PROVIDENCE, R.I. (WPRI) – Providence could soon join New York City and the states of Massachusetts and California as places that prohibit employers from requesting the salary history of job applicants, a move designed to level the playing field when it comes to how much men and women are paid.
The ordinance, sponsored by Council President David Salvatore, would bar public or private companies from inquiring about an applicant’s salary or requiring them to provide their previous salary. The City Council Ordinance Committee has already approved the proposal and the full council will vote on it next week. (Ordinances require two passages from the council.)
“Women are systematically paid less for the same job as men, so relying on previous salary history just perpetuates that injustice,” Salvatore, a Democrat from Ward 14 said. “This ordinance ensures that a one-time disadvantage does not become a lifelong disadvantage, and also puts Providence at the forefront of the pay equity issue.”
Employers caught violating the salary history ban will be “liable to the individual affected for damages incurred, as well as punitive damages,” according to the ordinance.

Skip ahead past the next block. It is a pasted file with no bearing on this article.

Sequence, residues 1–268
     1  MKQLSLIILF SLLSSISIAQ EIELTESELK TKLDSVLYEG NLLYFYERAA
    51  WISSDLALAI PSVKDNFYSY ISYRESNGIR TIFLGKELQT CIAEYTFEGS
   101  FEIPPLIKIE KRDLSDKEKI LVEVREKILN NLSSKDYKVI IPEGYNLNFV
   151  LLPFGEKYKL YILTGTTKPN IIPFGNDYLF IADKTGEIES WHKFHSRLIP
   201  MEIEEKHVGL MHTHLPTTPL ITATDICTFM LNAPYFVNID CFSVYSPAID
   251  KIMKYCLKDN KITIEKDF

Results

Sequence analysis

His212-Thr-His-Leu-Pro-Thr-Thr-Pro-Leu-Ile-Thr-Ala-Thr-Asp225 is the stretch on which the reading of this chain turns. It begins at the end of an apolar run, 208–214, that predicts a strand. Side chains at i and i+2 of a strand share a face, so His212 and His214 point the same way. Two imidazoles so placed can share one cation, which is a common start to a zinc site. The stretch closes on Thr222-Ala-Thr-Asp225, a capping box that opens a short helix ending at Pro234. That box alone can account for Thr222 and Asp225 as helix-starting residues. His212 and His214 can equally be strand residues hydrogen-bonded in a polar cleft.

Versions of the Providence ordinance have already taken effect in several cities and states, including New York City and California. The law in Massachusetts takes effect July 1. A bill that would ban salary history requests in all of Rhode Island was introduced by several Democratic state representatives this week.
A report released this month by recruitment firm NGS Global suggested efforts to prohibit questions about compensation history “are likely to have nationwide implications” but said it remains to be seen whether the bans will have a positive impact.
“What is certain is that employers and their recruiting partners must revamp what has been a key part of the hiring process and for determining market rate of compensation for a position,” the report states.
A previous version of this report stated the city’s Human Relations Commission will investigate complaints. That provision was removed from the ordinance.